How to Find a Counseling Program in Delaware

Delaware's schools' counseling programs are diverse. You'll find that degree options, specializations, and modes of learning vary depending on which school you're looking at.

When considering which program to enroll in, take into account your personal situation, the academic experience you want, and your professional aspirations. You might prioritize tuition cost, schedule, location, faculty, specialty, or another factor.

Counseling Degree Pathways in Delaware

The counseling degree programs in Delaware usually last from one to many years (ask doctoral students). Depending on your current academic resume and future aspirations, you might choose any of the following:

  • Associate Degree – two years, requires a high school diploma
  • Doctorate Degree – three to six years, or more, requires a bachelor's or master's degree

A master's degree is required to become a licensed professional counselor in Delaware, but you can work under a licensed professional counselor (LPC) with a lower degree. Doctorate degrees offer opportunities for clinical study (Psy.D.) or research (Ph.D.), and graduate certificates provide plenty of opportunities for specialization.

Doctorates that don't require a master's degree usually include one within their own curriculum, so you earn both a master's and a doctorate as you go through the program. Other doctorates require that you complete a separate master's beforehand.

Choose a Counseling Specialty

Some of the counseling degree programs in Delaware are generalized programs, while others are specialized counseling programs. A few of the specializations available include:

  • Social justice counseling
  • Child and adolescent counseling
  • Mental health counseling
  • Chemical dependency counseling
  • Couples and family counseling

Whether you should pursue a particular specialization depends largely on your interests, the needs where you want to work, and the clients you hope to serve.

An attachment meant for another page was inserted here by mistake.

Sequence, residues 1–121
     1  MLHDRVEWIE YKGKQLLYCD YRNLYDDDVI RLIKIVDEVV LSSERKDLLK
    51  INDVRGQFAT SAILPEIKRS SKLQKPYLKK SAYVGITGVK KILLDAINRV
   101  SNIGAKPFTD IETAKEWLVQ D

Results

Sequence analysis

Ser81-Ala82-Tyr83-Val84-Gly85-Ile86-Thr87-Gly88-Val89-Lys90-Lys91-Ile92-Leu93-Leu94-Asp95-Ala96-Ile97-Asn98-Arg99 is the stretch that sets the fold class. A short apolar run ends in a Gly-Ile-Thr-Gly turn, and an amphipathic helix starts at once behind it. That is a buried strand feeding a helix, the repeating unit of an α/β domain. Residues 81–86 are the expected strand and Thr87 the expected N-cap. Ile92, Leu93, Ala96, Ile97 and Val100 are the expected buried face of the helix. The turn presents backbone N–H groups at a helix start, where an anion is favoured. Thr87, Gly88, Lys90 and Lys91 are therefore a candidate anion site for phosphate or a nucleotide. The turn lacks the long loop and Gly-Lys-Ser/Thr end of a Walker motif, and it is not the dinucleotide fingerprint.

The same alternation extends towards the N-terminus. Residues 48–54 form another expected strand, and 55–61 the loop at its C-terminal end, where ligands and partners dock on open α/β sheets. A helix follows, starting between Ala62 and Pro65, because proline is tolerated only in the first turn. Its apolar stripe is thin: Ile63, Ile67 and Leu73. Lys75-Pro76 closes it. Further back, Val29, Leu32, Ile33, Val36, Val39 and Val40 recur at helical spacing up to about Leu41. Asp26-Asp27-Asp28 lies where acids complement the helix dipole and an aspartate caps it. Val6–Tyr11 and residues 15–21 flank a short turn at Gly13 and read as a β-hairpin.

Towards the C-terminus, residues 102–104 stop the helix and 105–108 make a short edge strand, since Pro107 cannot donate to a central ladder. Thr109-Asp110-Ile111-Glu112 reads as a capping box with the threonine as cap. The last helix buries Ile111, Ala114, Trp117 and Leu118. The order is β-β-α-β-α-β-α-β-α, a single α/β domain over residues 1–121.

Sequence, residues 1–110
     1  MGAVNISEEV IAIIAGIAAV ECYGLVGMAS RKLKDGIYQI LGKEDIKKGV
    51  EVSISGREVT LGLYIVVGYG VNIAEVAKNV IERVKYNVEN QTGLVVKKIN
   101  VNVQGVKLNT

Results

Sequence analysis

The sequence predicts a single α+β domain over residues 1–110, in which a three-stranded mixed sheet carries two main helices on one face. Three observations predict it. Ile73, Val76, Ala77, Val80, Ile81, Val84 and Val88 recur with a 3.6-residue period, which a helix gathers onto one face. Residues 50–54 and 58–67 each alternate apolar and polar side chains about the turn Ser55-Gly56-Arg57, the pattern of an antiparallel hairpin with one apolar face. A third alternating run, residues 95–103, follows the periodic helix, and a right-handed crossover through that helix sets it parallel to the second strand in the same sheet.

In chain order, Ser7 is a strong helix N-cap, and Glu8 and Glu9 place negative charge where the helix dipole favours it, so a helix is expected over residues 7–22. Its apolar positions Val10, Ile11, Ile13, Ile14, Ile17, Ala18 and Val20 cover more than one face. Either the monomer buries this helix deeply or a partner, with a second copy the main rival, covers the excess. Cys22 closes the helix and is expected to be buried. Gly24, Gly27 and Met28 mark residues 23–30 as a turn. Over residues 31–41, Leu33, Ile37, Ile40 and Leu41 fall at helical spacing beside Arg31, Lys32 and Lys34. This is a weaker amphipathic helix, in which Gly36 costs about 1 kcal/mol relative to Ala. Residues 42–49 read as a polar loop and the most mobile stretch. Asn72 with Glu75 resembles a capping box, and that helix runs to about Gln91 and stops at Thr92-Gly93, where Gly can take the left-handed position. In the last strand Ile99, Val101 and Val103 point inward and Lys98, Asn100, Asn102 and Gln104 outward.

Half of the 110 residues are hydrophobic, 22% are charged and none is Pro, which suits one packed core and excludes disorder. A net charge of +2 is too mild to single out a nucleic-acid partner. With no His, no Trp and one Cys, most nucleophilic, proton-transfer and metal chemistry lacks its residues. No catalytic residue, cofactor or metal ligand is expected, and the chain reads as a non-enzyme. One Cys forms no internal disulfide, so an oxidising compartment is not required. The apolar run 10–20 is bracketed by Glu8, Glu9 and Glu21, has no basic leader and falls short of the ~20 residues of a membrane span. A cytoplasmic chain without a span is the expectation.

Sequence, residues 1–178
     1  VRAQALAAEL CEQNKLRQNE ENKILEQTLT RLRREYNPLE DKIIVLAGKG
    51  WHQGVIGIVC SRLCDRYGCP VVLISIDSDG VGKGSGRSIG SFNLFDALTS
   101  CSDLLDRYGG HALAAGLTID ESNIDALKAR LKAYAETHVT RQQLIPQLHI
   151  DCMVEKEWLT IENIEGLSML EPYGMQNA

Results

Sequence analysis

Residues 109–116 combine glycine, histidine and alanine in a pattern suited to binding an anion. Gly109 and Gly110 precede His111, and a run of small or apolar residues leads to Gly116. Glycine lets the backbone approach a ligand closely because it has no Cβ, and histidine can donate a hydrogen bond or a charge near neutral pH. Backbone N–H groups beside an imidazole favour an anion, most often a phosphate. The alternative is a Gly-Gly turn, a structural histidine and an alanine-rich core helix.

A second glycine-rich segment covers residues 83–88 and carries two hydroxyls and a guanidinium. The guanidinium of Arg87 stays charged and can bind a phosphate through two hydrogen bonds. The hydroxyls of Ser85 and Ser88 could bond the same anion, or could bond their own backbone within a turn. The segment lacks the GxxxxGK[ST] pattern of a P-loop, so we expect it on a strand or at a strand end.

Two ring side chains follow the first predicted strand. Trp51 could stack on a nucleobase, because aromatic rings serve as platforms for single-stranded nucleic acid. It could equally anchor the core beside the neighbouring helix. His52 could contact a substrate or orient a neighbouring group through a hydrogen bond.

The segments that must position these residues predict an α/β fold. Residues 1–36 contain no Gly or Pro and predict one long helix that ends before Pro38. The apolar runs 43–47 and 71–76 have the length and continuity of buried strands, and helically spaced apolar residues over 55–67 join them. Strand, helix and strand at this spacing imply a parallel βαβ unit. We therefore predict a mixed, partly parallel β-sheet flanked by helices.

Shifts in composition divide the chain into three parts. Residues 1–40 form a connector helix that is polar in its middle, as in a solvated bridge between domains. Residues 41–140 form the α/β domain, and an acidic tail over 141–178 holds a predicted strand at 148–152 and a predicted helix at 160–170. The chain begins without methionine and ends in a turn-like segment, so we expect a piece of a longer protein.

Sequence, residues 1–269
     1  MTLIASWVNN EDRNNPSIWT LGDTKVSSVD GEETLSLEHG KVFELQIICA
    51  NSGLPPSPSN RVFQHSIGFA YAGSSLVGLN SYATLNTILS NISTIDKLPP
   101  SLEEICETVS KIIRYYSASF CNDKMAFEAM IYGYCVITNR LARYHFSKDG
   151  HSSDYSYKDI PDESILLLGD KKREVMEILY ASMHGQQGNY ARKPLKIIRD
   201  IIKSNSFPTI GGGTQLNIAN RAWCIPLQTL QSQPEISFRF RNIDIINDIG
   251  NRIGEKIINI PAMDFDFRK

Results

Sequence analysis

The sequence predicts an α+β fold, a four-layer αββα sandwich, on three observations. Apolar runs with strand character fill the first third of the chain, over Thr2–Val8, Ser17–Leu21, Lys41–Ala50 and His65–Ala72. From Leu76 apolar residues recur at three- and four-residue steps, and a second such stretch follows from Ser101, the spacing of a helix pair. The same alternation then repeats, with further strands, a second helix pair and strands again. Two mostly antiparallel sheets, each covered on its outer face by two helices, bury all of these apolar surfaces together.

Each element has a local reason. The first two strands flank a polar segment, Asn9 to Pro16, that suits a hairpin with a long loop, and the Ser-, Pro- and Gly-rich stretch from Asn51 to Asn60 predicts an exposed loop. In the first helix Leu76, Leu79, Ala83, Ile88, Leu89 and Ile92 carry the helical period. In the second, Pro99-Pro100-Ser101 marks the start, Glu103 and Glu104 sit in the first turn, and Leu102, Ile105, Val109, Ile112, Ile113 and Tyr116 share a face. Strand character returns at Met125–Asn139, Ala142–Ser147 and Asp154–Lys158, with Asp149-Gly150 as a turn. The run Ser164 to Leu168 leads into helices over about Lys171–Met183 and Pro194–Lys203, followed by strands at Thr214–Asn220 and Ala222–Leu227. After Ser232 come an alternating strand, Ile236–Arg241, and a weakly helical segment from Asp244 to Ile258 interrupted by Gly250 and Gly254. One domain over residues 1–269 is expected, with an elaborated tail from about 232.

Accredited counseling programs meet educational standards, and they'll be recognized for licensure or further academic study. The two bodies that accredit Delaware counseling degree programs are CACREP (the Council for the Accreditation of Counseling and Related Education Programs) and APA (the American Psychological Association).

Only consider programs that are accredited by one of these two bodies, lest your degree isn't recognized in the future.

Online vs. Traditional Counseling Programs in Delaware

The counseling degree programs that Delaware schools offer include both online and traditional classes. Online programs tend to cost less and give you more scheduling and location flexibility. Traditional programs tend to cost more and be less flexible, but they afford better access to classmates, faculty, internship opportunities, and library resources.

Your situation might dictate that you attend online or traditional classes, or you might be able to choose between the two.

Becoming a Licensed Counselor in Delaware

Licensed counseling professionals in Delaware are either licensed associate counselors of mental health (LACMH) or licensed professional counselors of mental health (LPCMH). Associate counselors are on their way to becoming professional counselors and currently work under an LPCMH.

Before you can become an LPCMH, you must complete 60 credits of master's or doctorate work. You also need an internship (included within the degree) and a total of 3,200 hours of counseling experience (outside of the degree). An exam and fee are also required.

Delaware LPCMH licenses expire in September of every even year (i.e. 2024, 2026, etc.). Renewing requires 40 hours of continuing education.

List of Counseling Degree Programs in Delaware

Are you searching for a counseling degree program in Delaware? Browse our comprehensive list of schools offering counseling programs, both online and on-campus, and follow the links to learn more about what each program has to offer.

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